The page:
If sky cooperates, even Alaskans can see part of the Great American Eclipse
The Great American Eclipse, as Monday's astronomical event is being billed, will best be viewed from about a dozen states in a path from the Oregon coast, across the Grand Tetons in Wyoming, the Great Plains and then through the Bible Belt, ending off the North Carolina coast.
But all 50 states — yes, even Alaska — will get to see at least a little bit of the eclipse. Though the "Path of Totality," where the moon completely blocks out the sun, is relatively narrow at 71 miles, even on the Kenai, more than 50 percent of the sun's surface will be obscured by the moon.
Ali Jobe is the children's librarian at the Soldotna Public Library, and on Friday (Aug 18), she is giving a presentation all about the eclipse.
"So we're going to do a PowerPoint presentation just kind of explaining what a solar eclipse is and how they can view it," she said. "I’m also going to show them a little short video that NASA provided. And teaching them exactly how an eclipse works."
The most important thing she wants to impart to viewers is not to look right at the sun unless they are wearing eclipse glasses safe for solar viewing. Which, she says, both the Soldotna and Kenai libraries have available.
"Yes, we actually have some here at the library. We have about 200, maybe 300 left. We will be handing them out during the program," Jobe said. "And if we have any left over the day of, one of the librarians will be out in the parking lot handing them out, as well, so that if it's clear, we can see the eclipse."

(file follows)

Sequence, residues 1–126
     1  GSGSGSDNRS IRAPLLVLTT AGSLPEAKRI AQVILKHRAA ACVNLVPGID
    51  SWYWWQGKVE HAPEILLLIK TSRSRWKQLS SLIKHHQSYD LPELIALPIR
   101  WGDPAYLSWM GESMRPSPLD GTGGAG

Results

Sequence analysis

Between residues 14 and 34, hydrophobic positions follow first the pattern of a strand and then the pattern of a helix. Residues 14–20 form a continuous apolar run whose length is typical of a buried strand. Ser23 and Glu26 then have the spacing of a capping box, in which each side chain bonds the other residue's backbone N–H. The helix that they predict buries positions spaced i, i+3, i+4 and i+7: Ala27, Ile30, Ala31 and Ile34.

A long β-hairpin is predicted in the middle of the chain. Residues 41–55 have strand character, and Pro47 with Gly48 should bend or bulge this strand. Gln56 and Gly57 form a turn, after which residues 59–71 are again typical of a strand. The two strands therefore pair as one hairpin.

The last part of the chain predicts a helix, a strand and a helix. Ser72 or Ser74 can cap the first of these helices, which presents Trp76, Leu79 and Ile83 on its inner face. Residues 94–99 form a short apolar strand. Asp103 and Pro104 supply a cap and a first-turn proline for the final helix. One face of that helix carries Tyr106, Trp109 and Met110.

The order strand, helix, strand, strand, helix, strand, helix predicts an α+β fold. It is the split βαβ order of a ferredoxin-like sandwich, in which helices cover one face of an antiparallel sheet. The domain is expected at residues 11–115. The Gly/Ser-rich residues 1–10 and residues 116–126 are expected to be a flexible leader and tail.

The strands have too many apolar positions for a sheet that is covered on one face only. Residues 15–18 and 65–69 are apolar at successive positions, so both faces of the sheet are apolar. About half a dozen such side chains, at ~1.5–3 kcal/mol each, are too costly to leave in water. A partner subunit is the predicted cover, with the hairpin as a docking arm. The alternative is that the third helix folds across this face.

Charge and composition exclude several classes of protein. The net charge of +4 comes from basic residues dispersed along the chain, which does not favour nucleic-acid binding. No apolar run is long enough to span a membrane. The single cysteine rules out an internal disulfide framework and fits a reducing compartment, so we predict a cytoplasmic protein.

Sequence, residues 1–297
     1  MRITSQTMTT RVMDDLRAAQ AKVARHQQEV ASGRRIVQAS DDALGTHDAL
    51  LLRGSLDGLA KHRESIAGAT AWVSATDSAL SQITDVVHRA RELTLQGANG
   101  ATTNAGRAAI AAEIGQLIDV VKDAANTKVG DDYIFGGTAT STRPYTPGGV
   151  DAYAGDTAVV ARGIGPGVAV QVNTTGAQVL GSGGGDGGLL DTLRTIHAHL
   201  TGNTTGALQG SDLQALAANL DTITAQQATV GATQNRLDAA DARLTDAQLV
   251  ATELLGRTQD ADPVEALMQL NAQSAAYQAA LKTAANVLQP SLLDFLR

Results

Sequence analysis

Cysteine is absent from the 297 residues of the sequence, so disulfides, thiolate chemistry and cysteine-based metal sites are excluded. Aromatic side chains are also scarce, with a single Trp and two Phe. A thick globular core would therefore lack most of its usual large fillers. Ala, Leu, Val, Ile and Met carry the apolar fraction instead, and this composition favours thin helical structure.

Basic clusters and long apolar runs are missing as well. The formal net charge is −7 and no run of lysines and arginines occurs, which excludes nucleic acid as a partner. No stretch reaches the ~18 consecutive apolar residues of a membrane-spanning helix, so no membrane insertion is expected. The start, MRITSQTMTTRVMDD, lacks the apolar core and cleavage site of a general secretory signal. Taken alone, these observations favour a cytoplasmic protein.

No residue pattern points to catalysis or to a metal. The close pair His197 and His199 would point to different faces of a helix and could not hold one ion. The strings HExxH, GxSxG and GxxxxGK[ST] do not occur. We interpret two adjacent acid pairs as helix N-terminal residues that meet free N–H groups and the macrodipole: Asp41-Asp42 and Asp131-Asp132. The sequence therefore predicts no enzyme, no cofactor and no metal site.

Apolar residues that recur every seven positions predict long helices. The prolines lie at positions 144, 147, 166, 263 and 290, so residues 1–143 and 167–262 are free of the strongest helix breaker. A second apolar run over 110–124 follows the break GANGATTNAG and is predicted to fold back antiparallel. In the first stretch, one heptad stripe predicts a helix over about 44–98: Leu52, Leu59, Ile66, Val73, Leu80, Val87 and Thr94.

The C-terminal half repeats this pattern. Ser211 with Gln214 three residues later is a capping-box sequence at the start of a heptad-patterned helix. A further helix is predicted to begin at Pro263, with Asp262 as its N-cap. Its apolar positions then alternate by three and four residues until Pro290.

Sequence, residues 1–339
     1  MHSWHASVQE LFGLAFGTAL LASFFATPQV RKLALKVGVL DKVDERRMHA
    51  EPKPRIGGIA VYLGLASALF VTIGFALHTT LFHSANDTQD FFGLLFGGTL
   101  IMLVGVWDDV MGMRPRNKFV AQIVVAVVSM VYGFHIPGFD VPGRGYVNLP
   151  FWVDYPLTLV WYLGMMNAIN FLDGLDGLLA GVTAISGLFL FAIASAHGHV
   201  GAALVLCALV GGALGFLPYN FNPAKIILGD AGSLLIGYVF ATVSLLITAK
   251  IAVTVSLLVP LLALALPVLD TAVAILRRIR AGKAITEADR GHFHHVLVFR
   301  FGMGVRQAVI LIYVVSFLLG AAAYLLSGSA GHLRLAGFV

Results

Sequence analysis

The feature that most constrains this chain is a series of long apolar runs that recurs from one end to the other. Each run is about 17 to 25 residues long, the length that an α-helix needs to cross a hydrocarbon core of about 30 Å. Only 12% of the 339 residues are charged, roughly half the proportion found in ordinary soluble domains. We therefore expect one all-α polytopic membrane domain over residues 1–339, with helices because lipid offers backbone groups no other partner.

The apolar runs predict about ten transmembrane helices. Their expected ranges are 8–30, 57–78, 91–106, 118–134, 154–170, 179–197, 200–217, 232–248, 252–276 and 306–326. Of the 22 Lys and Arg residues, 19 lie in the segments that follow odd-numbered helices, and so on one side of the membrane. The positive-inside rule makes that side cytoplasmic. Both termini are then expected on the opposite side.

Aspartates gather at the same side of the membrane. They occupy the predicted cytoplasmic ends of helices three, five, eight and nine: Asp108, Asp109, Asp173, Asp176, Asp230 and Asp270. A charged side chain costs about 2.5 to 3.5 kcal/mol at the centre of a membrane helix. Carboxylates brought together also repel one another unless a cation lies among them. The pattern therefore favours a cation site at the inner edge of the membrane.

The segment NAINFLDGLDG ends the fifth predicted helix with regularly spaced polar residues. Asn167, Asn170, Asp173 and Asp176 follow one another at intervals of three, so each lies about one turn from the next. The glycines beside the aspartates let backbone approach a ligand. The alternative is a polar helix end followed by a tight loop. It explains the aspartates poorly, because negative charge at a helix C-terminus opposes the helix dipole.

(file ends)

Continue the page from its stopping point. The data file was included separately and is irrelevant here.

And if the weather does not cooperate, Jobe says NASA has us covered.
"If we're not clear, NASA is going to be doing a live stream of the event on their website. So that's always an option," she said. "That way you can see the totality, just in case. And that is NASA.gov/eclipselive."
The partial solar eclipse begins in Kenai at 8:20 Monday morning and lasts almost two hours. Jobe says there are good resources online to help visualize what it will be like here.
"There's a little video you can play where it will show you exactly what it will look like. And I am going to show this during the program," she said. "And it will show what time each set will appear, so it says our maximum eclipse will be at 9:14."
Jobe's talk begins at 2:30 p.m. Friday at the Soldotna Public Library. Though the presentation is geared for kids, Jobe says anyone is welcome.